A Hiker’s Paradise

Oak Heritage Conservancy
opens Webster Woods Trail
to the public

The 40-acre property was donated by
Dan and Juanita Webster

HANOVER, Ind. (November 2014) – Southeast Indiana is an area rich in natural sites. To protect and preserve these lands, Oak Heritage Conservancy was formed, maintaining that the quality of life in this area is enhanced by its natural landmarks. Recently, the conservancy underwent a major project to build a trail at Webster Woods, a 40-acre plot of land west of Hanover, Ind., that had previously been donated by Dan and Juanita Webster.

Photo by Alyssa DelPrete

From left, Paul Carmony, Mike Modisett and Jan Kleopfer pose by
the sign at Webster Woods Nature Preserve, which recently opened
to the public. The preserve is
located west of Hanover, Ind.

The idea of creating a trail at Webster Woods was born in spring 2013, when the conservancy played host to an outing at the site for its members to walk the trail. However, Paul Carmony, who is on the conservancy’s board of directors, discovered, a clear trail did not exist.
“I came out and put a couple ribbons up around the trail. It took me three or four days to do that, and then we got lost,” said Carmony, 84. “I thought, ‘I put enough effort into this, we should make a trail out of it.’ ”
Beth Black, the conservancy’s vice president, took the reigns on the next phase of the project by obtaining a grant to help fund the endeavor. The grant was awarded from the Madison-Jefferson County Community Foundation, which was seeking a cause with an environmental mission in Jefferson County. The only site suitable for this goal, according to Black, was Webster Woods.
But Black was not only instrumental in the grant writing. “I helped build the trail,” she said. “Paul did the majority of the work, but on several occasions, I went out there and helped.”
The hiking trail is also significant because of the two people from whom the name originates: Dan and Juanita Webster.
The couple, who died merely seven months apart, in 2010 and 2011, were members of Oak Heritage Conservancy. Dan was one of the founders and served as vice president. Both have ties to Hanover College – Dan was a professor of biology for 35 years, and Juanita worked as a lab instructor in the biology department.
Shortly following the conservancy’s founding in 2002, the Websters donated the property that is now the location of the trail. When they owned the land, they had handled it as a nature preserve.
“Dan’s family is excited for him to be honored in this way,” Black said.
The conservancy serves nine counties in southeastern Ind.: Jefferson, Jennings, Switzerland, Ohio, Dearborn, Ripley, Washington, Clark, Scott and Decatur.
Oak Heritage Conservancy protects land by purchasing it or receiving donations. The conservancy also preserves sites through conservation easements, in which property owners keep their ownership but give up other rights to maintain protection of the land.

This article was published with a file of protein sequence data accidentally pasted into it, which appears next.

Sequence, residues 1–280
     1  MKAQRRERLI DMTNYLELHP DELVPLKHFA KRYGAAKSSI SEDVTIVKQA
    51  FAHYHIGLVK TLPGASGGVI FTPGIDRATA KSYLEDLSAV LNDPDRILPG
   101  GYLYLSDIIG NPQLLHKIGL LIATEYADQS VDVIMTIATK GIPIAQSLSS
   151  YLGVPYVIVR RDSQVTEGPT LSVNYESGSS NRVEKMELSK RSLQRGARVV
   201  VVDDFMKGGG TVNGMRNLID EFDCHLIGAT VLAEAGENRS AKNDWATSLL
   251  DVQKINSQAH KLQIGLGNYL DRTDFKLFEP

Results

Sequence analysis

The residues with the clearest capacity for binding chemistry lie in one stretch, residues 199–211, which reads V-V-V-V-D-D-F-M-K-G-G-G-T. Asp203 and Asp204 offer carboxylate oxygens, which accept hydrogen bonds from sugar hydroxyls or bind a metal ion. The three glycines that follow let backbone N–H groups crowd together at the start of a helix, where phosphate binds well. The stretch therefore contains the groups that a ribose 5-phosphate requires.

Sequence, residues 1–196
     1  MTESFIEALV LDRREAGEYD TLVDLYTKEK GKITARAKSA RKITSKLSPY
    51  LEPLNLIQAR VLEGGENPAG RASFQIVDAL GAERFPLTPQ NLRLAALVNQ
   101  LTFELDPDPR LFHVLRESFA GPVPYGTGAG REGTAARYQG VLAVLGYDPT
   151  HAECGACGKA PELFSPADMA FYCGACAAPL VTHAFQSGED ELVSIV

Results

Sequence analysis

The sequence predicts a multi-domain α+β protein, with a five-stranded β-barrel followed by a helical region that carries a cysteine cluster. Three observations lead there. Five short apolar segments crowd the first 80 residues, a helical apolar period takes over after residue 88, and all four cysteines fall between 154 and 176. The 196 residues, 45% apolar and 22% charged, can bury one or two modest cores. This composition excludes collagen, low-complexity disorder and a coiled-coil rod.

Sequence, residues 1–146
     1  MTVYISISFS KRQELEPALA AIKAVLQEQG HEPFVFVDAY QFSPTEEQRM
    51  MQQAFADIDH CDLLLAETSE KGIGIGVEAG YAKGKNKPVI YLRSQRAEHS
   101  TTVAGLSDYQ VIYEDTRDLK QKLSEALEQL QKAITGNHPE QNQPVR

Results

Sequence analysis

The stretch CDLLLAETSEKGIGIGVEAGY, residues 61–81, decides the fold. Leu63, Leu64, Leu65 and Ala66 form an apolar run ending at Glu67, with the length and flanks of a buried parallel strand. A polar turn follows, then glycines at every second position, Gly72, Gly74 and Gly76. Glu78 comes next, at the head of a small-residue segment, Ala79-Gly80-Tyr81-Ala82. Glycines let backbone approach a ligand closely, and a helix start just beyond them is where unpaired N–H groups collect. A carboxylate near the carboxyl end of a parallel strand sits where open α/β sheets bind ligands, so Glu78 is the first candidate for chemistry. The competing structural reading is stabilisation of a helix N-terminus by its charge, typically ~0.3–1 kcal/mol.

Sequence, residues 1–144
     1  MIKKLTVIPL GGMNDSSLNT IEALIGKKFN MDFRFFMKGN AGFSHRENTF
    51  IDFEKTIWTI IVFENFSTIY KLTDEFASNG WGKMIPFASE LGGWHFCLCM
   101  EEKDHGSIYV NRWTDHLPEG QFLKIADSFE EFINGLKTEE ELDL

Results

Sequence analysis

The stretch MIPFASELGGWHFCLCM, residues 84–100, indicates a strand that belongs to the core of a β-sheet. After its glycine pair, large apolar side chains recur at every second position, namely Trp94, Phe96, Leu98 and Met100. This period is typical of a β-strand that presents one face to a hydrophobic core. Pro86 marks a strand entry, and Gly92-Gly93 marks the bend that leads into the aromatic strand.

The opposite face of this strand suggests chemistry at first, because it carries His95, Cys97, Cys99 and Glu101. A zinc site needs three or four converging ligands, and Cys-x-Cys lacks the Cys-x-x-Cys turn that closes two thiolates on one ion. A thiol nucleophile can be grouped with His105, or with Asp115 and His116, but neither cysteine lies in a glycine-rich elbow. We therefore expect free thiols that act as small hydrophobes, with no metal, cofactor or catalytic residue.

Webster Woods is an example of the type of conservation the non-profit organization pursues.
“I suspect we put 150 volunteer hours in the trail,” Carmony said. “I started on it in the spring of 2013. We just completed it in September.”
Jan Kleopfer, 59, a conservancy member and also volunteered on the trail, describes the opportunities Webster Woods offers, saying, “People who love the outdoors can learn from the signage. You can go birding, wild flowering and just enjoy spending time in nature.”
The signage to which Kleopfer refers is located throughout the trail, pointing out main features of the woods. For example, a sign has been constructed in front of a vernal pond, which was created from a wind-thrown tree and provides habitat for certain plants and animals. Carmony said conservancy members have deemed it the “frog pond” due to the large amount of frogs that typically gather there.
The signs explain these features, allowing hikers to learn about the woods as they go along the trail. Other notable attractions are snag trees, shining club moss and tulip trees.
“The trail has massive tulip trees from 1900, so they are well more than 100 years old,” Black said. “That is the key natural feature of the trail.”
The trail also includes posts to indicate the direction for hikers to turn, making it easy to navigate.
The trail takes roughly an hour to complete, looping around to end where it begins. It is the perfect trail for beginning hikers or those looking for a trail of moderate difficulty.
“The trail is special because of who gave it to us,” Carmony said. “They loved it so much and wanted it to be preserved. That’s what our job is: to preserve nature.”
The exact location is at the intersection of 1066 W. Street and Dead End Road. Take Hwy. 56 west from Hanover past the intersection of Hwy. 62. Then turn left and head south on S. 1066 West street until it meets Dead End Road.

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